When you think about a shopping spree, you usually envision a carefree outing to the mall where a lot of money is spent on things you may or may not need. (The term tends to have a negative connotation because it is associated with spending more money than you have.) What’s even worse is when an identity thief steals your personal identification information, opens multiple credit card accounts in your name and proceeds to use your money on a shopping spree unbeknownst to you. A Department of Justice press release details the story of a Florida man who was caught trying to purchase stolen identities with the intent to obtain credit cards for making purchases, withdraw money and file fraudulent tax returns.
The press release states that the man was caught by an undercover U.S. Secret Service agent attempting to purchase several packages including the name, address, date of birth, Social Security number, mother’s maiden name, driver’s license number, bank account number, bank routing number, place of work and email account information for 100 victims. The undercover agent was posing as a Vietnamese national who was a well-known vendor of stolen personal identification information. (In fact, the defendant had previously made several purchases from this criminal. The undercover agent must have been a really good look-alike.)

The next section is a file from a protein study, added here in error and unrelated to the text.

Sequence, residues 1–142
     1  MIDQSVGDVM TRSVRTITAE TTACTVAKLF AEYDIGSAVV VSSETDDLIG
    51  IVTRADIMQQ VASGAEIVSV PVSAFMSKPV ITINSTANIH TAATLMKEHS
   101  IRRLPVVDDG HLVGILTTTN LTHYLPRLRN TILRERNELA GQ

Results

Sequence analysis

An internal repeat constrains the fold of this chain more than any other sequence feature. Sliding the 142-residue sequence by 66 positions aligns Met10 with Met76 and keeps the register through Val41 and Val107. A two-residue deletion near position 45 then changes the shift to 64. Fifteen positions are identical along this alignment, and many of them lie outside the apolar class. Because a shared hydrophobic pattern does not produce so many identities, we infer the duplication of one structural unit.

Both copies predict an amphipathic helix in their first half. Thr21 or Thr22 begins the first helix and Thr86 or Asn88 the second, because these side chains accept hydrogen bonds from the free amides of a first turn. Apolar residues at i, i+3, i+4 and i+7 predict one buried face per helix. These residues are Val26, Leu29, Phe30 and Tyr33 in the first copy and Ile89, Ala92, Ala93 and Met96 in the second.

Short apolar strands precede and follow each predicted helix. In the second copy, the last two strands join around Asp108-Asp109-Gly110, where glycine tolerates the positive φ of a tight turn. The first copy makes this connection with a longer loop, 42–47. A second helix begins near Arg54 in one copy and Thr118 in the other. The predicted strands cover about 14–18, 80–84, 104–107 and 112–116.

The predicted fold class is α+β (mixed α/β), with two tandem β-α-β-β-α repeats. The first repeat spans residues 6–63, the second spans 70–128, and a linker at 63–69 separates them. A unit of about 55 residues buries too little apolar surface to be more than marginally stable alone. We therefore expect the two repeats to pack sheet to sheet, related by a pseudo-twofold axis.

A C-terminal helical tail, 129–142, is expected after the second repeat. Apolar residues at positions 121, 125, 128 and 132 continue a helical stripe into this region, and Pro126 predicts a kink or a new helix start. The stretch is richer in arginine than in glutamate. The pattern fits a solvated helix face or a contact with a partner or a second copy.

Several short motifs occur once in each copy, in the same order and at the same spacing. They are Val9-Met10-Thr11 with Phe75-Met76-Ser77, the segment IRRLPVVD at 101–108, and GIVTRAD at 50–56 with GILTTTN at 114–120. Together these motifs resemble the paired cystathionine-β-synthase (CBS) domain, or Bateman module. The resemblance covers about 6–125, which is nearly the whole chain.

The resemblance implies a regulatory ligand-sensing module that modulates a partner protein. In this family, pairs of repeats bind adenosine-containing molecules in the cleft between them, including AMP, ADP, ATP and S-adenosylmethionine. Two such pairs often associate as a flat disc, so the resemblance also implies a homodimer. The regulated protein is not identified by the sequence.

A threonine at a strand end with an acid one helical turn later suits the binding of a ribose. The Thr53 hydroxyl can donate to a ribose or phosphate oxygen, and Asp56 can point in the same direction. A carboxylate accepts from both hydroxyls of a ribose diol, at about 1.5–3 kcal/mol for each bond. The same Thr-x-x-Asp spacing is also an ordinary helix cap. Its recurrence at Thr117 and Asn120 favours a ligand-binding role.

The 36-six-year-old man who attempted to purchase the stolen information pleaded guilty to one count of attempted access device fraud. He received a prison sentence of 27 months and was ordered to serve two years of supervised release.
The press release also states that for nearly six years, the Vietnamese national allowed more than 1,000 people worldwide to access databases that contained personal identification information. He also facilitated more than three million database queries and sold more than 150,000 packages of personal identification information that would allow criminals to assume the identity of other people. He pleaded guilty to wire fraud, identification fraud, fraud in connection with access devices and in a separate indictment, he also pleaded guilty to four counts of computer fraud.
Congrats to the U.S. Secret Service for catching these two criminals. There’s no doubt their fraudulent actions caused a lot of frustration for the victims involved. Two things are for sure there won’t be any more covert spending sprees, and there is definitely nothing carefree about serving out a prison sentence.
Source: Today’s ”Fraud of the Day” is based on a press release titled, ”Florida Man Sentenced to 27 Months in Prison for Attempting to Purchase 100 Stolen Identities,” released by the Department of Justice on October 1, 2014.
A Florida man was sentenced today to serve 27 months in prison for attempting to purchase sensitive, detailed personal identifying information, known as PII including Social Security numbers and bank account numbers to open credit card accounts and file fraudulent tax returns.
Assistant Attorney General Leslie R. Caldwell of the Justice Department’s Criminal Division and U.S. Attorney John P. Kacavas of the District of New Hampshire made the announcement. U.S. District Judge Steven J. McAuliffe of the District of New Hampshire imposed the sentence.